In the past decade, Utah has enjoyed economic success and expansion as the population has increased 30%. At the same time, lane miles on the state's highways have increased at an even faster rate than the population. Transportation indicators predict an increased expansion in lane miles, and the Federal Highway Administration expects travel to increase. To respond to these trends and increase its efficiency, the Utah DOT (UDOT) has begun deploying its personnel in innovative ways. I was fortunate to have been included in this cross-divisional working and training and found it beneficial to both UDOT and to me.
UDOT Region 2 includes heavily populated metropolitan areas and thinly populated desert areas, snow-covered mountains and barren salt flats. Although some projects continue year-round, the majority of road construction takes place from March to October. UDOT is made up of two divisions: the maintenance division, which maintains the roads, and the construction division, which provides design, construction, and inspection services.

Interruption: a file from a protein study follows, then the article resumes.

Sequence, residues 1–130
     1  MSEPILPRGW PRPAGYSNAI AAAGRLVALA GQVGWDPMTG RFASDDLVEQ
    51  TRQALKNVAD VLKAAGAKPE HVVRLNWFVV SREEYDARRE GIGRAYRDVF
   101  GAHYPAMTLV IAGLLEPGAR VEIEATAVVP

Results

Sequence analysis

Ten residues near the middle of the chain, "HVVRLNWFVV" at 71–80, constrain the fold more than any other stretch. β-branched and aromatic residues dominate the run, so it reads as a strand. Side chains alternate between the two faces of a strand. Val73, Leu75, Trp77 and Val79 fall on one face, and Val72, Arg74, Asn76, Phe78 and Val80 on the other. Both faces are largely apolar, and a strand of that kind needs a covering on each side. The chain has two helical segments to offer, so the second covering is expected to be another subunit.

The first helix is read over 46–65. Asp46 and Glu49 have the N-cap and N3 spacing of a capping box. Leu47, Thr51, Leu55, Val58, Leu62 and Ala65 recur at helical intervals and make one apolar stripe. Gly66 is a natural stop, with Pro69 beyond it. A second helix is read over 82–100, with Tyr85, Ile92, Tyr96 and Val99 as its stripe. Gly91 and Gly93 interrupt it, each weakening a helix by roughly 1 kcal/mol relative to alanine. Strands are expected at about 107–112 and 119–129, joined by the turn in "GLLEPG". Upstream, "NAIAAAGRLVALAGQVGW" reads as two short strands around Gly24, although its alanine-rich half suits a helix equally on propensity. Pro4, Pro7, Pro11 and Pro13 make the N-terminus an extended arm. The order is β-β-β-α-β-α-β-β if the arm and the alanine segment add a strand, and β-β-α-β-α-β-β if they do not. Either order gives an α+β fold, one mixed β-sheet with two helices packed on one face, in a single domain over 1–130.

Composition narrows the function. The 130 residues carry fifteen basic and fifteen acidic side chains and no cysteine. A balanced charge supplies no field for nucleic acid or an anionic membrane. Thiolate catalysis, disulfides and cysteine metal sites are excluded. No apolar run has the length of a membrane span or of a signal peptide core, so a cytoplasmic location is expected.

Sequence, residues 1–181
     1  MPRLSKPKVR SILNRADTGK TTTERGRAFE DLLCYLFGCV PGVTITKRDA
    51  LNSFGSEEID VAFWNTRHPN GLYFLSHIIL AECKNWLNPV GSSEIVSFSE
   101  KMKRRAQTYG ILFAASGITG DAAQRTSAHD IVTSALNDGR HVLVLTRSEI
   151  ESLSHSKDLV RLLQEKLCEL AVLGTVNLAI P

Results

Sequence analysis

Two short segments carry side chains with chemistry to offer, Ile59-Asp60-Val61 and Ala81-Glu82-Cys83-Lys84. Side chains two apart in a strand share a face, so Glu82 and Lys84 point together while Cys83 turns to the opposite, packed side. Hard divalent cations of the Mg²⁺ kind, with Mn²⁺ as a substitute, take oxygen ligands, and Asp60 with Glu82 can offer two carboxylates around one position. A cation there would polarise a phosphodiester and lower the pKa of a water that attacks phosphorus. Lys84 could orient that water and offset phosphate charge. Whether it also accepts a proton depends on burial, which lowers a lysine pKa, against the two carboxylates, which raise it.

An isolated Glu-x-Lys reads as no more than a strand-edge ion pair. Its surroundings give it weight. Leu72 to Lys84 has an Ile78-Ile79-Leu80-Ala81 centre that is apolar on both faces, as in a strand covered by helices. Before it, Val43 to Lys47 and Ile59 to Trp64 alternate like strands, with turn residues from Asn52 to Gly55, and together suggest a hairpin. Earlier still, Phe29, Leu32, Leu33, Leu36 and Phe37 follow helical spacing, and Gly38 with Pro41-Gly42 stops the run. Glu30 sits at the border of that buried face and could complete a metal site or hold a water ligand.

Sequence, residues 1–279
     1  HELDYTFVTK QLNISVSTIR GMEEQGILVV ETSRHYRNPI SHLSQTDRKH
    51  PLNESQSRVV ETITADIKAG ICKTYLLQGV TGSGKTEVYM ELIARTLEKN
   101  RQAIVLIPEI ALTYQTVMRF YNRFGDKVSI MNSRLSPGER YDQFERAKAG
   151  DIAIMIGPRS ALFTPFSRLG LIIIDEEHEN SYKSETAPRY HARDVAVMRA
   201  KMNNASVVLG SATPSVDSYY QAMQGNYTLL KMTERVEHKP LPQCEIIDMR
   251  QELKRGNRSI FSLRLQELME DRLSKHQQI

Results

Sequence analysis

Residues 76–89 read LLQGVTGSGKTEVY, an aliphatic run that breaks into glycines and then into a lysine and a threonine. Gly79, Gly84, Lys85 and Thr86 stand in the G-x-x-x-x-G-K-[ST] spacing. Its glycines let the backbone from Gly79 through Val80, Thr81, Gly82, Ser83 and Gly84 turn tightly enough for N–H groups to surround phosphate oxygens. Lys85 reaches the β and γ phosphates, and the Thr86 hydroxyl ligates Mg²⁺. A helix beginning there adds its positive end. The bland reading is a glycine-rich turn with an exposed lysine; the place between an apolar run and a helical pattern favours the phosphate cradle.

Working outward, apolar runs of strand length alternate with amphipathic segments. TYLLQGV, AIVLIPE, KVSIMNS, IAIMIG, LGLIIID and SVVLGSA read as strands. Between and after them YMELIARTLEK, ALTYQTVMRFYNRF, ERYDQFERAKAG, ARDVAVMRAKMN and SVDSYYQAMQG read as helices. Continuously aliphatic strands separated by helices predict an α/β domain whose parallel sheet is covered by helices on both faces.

In 2004, in an effort to improve efficiency in both building and maintaining its roads, UDOT combined the personnel in the maintenance and construction divisions. This included sharing and cross-training employees so that they became knowledgeable and productive in both departments. As construction needs increase in the warmer seasons, maintenance division employees are reassigned to the construction division. In the colder winter months when additional personnel are needed to plow snow, lay salt, or make road repairs, employees from the construction division are deployed to the maintenance division.